The process of applying to medical school is rigorous. However, the hardest work often begins once medical education starts, as students work their way through the in-depth curriculum and hands-on training required to become a doctor. A quality medical school will be equipped with institutional resources and avenues to help students thrive in their new environment especially when aspiring doctors pursue medical programmes in locations away from home.
In recognition of World Mental Health Day, St. George’s University (SGU) School of Medicine, Grenada, in the Caribbean, explores the importance of having a strong support system in medical schools and emphasises its importance in ensuring the wellbeing and success of students.
Support for medical students: A critical component for success
A report from the National Institutes of Health (NIH) notes that feelings of inadequacy, anxiety, and social isolation can impact medical students; however, not all medical students are equipped to overcome these challenges without support. The findings of the study revealed that half of all students who don’t finish medical school left their programmes in the first year, which is why it’s critically important to get connected with a strong support system early in the medical school journey.
It is important to have a strong support system in medical schools to ensure the wellbeing and success of students
Each medical school will have its own methods for offering support, so it’s helpful to do some research on the services provided when evaluating medical schools. Two primary components of a strong medical school support system that students should look for are institutional support, and peer support.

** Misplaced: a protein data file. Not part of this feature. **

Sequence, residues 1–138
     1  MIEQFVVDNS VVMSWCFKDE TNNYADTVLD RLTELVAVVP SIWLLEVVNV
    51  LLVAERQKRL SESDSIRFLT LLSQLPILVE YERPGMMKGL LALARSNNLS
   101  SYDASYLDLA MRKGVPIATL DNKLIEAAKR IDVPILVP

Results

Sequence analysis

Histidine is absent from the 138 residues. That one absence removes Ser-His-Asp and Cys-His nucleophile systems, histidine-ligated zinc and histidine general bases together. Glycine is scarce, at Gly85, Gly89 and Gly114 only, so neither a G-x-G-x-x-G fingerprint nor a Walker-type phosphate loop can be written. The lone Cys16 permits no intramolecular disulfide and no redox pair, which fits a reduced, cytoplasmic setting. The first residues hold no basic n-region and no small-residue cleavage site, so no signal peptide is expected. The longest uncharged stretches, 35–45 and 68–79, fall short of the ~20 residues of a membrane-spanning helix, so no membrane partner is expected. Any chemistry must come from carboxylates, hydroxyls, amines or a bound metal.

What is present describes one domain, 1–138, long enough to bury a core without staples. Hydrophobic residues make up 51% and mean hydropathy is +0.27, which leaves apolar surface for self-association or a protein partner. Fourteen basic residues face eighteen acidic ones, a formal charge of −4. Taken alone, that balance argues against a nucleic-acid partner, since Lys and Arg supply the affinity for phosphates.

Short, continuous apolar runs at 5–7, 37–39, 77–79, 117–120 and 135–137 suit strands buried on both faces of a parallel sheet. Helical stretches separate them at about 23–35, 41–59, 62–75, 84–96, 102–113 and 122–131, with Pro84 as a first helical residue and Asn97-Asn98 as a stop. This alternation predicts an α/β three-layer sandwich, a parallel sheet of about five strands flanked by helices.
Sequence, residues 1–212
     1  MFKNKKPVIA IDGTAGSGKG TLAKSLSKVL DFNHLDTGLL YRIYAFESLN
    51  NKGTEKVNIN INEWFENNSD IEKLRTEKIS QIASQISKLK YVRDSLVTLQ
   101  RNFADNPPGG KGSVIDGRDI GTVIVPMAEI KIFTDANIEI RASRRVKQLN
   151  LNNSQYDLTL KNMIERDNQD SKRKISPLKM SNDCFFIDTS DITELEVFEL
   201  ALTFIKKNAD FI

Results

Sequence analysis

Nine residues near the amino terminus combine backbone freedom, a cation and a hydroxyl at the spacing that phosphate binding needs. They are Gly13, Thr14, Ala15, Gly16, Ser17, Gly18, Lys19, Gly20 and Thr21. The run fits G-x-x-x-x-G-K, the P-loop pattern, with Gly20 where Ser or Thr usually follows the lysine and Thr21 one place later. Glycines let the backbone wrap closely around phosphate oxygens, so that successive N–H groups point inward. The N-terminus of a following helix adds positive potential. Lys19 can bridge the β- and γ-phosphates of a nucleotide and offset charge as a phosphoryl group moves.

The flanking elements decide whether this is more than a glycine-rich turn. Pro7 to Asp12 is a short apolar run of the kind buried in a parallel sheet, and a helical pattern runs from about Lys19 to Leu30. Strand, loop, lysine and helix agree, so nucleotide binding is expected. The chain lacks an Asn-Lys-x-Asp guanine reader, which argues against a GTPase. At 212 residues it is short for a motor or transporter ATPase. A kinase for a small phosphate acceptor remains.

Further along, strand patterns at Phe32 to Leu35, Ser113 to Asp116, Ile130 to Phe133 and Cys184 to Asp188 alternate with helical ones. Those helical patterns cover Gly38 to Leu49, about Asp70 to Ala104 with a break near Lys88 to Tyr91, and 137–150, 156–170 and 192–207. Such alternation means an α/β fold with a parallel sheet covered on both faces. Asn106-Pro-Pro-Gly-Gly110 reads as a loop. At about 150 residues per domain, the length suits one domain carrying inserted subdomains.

Institutional support for medical school students
Medical schools should anticipate that their students may need some help along the way. One of the most prominent pieces of medical school advice students should take note of is to never hesitate to ask for help. Medical students can certainly expect to rely on their academic advisors and faculty for guidance. In addition, they can take full advantage of the suite of student support services offered at the medical school.
The specifics will vary from institution to institution, so students should determine which services are priorities for them and ensure your target programmes offer the resources they’ll need. At St. George’s University, for example, medical students have access to a range of student support services, including health and psychological services, academic and non-academic advising, career guidance and student development, specialised coaching, language services, and others.
Faculty members at SGU host small groups focusing on specific topics to help students better understand their academic material — this can take on the form of question-and-answer sessions, anatomy labs, practical sessions involving standardised patients, and more.
Two primary components of a strong medical school support system that students should look for are institutional support, and peer support
Peer support in medical school
From the outside, medical school could seem like a competitive environment, but many doctors look back fondly on the ways they were able to lean on their classmates for support. Some schools make it easier than others to provide opportunities for students to connect and learn from others in the programme.
At SGU, for example, there are more than 100 peer learning groups each week in which upper-term students lead group reviews on a range of different topics. There are also several options available for one-on-one peer tutoring and peer counselling. Supportive student-to-student interactions can go a long way in not only helping students master the curriculum but also provide a sense of belonging— creating connections to carry forward.
In conclusion, mental well-being is a very important aspect of every student’s educational journey. Even the most academically qualified students will face challenges if they don’t have access to an adequate support system.